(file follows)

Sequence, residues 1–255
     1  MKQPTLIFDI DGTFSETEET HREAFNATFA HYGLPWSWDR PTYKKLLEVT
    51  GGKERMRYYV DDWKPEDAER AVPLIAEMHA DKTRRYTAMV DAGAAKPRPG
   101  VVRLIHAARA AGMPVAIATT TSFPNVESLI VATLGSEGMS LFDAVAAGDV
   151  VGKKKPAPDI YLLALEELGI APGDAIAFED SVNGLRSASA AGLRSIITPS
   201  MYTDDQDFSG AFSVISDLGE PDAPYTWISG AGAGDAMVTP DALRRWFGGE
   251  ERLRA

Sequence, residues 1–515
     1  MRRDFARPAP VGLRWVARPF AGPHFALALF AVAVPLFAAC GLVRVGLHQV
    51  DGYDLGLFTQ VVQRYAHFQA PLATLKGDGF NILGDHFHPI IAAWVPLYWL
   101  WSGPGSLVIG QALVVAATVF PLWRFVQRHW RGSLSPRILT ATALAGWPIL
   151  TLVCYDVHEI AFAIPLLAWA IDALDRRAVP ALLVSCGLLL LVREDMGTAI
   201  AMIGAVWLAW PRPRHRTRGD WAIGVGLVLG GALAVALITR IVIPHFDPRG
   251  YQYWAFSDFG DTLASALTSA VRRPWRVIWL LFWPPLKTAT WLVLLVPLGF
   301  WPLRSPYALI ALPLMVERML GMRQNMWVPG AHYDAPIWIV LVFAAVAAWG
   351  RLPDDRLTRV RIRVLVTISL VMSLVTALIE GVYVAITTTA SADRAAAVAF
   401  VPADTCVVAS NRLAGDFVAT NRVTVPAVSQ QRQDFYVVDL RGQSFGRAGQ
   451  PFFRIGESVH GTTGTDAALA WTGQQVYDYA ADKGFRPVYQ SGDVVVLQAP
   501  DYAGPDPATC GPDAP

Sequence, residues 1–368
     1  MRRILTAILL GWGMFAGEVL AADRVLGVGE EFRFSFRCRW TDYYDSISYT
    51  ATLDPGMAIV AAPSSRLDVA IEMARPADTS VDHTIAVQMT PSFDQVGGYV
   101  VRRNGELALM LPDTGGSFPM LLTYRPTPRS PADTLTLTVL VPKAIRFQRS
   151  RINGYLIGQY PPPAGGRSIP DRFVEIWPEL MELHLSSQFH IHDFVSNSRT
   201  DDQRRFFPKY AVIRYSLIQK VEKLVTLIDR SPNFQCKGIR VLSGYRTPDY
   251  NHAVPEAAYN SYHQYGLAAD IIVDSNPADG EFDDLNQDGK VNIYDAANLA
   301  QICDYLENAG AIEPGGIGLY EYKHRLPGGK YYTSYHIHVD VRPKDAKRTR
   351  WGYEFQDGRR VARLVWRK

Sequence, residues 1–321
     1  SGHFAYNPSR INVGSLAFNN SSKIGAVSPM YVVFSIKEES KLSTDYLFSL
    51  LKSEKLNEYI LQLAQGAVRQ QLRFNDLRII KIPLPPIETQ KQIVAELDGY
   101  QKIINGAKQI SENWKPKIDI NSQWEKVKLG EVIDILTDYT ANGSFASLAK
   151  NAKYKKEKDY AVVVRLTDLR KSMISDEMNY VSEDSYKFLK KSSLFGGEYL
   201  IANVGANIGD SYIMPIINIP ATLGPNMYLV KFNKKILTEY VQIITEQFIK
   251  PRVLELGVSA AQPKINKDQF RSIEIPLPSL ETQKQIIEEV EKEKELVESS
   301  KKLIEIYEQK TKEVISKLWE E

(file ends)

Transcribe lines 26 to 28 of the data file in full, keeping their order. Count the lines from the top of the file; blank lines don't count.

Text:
   251  NHAVPEAAYN SYHQYGLAAD IIVDSNPADG EFDDLNQDGK VNIYDAANLA
   301  QICDYLENAG AIEPGGIGLY EYKHRLPGGK YYTSYHIHVD VRPKDAKRTR
   351  WGYEFQDGRR VARLVWRK